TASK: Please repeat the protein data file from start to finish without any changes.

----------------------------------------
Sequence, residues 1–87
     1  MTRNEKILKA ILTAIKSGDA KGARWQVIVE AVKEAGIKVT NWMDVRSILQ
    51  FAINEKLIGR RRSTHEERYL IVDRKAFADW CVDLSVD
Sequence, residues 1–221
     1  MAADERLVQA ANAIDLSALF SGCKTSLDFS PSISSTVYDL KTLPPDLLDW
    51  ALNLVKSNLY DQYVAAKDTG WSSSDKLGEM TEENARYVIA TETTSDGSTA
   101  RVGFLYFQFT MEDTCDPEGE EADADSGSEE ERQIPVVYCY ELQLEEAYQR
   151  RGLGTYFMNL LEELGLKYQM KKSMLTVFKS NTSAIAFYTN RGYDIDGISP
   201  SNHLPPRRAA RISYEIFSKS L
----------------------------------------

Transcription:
Sequence, residues 1–87
     1  MTRNEKILKA ILTAIKSGDA KGARWQVIVE AVKEAGIKVT NWMDVRSILQ
    51  FAINEKLIGR RRSTHEERYL IVDRKAFADW CVDLSVD
Sequence, residues 1–221
     1  MAADERLVQA ANAIDLSALF SGCKTSLDFS PSISSTVYDL KTLPPDLLDW
    51  ALNLVKSNLY DQYVAAKDTG WSSSDKLGEM TEENARYVIA TETTSDGSTA
   101  RVGFLYFQFT MEDTCDPEGE EADADSGSEE ERQIPVVYCY ELQLEEAYQR
   151  RGLGTYFMNL LEELGLKYQM KKSMLTVFKS NTSAIAFYTN RGYDIDGISP
   201  SNHLPPRRAA RISYEIFSKS L